Top Gear (2002–…): Season 17, Episode 3 - Episode #17.3 - full transcript

Jeremy and Richard look at some amazing second hand bargains you can buy for the price of Britain's cheapest brand new car, the $9,900 Nissan Pixo. Meanwhile, James tests the toughness of the new Range Rover Evoque by driving it through Death Valley and then gauges its stylishness by using it to chauffeur a global megastar across Las Vegas.

Tonight, I talk to two old ladies.

Richard makes a phone call.

And James sniffs his own armpit.


Good evening, hello.

Hello, everybody.
Thank you so much, thank you.


..we start tonight with the big one,

the all-new, all-British
McLaren MP4-12C.

And there are two questions.

One, why have they named it
after a fax machine?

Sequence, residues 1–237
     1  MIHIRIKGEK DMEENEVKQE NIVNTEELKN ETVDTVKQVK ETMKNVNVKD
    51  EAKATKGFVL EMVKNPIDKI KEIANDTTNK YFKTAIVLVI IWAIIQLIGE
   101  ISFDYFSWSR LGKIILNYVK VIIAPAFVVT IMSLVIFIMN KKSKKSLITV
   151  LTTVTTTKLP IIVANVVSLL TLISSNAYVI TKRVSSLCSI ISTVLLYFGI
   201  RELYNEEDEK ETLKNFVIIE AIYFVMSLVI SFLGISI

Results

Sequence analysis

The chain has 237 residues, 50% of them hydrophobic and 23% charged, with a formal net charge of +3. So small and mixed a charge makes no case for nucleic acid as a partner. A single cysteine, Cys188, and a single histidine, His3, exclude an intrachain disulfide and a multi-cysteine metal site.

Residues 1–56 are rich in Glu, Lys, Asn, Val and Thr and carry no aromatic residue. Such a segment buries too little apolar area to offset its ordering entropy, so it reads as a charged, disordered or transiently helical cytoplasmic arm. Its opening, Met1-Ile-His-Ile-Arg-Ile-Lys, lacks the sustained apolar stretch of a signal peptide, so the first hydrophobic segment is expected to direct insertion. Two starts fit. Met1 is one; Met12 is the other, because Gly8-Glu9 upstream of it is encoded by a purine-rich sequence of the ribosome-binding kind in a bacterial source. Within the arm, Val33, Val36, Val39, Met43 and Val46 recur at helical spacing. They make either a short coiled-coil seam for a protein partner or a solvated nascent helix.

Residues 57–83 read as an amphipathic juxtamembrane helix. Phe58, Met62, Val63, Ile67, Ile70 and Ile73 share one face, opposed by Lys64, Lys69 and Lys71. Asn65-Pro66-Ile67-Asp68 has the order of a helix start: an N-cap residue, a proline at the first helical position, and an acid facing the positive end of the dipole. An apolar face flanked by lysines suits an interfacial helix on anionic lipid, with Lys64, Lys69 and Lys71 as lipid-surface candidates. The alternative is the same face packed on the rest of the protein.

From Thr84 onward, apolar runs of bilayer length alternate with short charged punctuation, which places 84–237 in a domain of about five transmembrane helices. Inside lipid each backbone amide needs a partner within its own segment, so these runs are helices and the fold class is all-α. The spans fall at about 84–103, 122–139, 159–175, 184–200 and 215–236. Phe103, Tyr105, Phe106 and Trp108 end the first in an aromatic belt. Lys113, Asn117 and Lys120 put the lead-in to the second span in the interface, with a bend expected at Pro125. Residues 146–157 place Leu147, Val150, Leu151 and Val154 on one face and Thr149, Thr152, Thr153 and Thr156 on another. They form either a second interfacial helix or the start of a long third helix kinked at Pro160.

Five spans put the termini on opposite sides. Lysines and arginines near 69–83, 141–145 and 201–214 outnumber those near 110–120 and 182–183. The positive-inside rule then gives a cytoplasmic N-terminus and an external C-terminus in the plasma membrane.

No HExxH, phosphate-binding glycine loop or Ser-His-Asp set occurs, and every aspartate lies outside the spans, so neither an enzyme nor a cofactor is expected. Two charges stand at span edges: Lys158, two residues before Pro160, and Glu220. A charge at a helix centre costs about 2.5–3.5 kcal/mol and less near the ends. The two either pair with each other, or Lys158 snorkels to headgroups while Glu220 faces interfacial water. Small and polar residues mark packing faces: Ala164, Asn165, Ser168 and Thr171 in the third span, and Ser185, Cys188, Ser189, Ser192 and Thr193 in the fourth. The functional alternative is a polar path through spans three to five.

And two, how can it possibly
be as good as a Ferrari 458?

'McLaren themselves admit
that the 458 is a great car.

'But they say that,
scientifically and mathematically,

'they can prove that,
in every single measurable way,

'their new car is better.

'Well, certainly at £168,000
it is a tiny bit...'

I was going to say cheaper,
let's say less expensive
than the Ferrari.

'It's also a tiny bit kinder
to the environment,'

a tiny bit lighter,
a tiny bit more economical.

'It's also quite a lot
more powerful.'

The Ferrari has to make do
with just 562 horsepower,

whereas the twin turbocharged
3.8 litre V8 in this
churns out 592.

'The result is simple.

'0-60 takes 3.1 seconds.
The top speed is 205.

'And though it's close...

'the Ferrari cannot live with that.

'And it's a similar story
when the going gets twisty.'

'I love that Ferrari, and it is
as quick round here...' an Enzo.

But I think this is quicker still.

Ferrari has been in the Formula One
game longer than anybody,

but McLaren, amazingly,
has a higher hit rate.

'They've won one in every four
Grands Prix they've ever entered.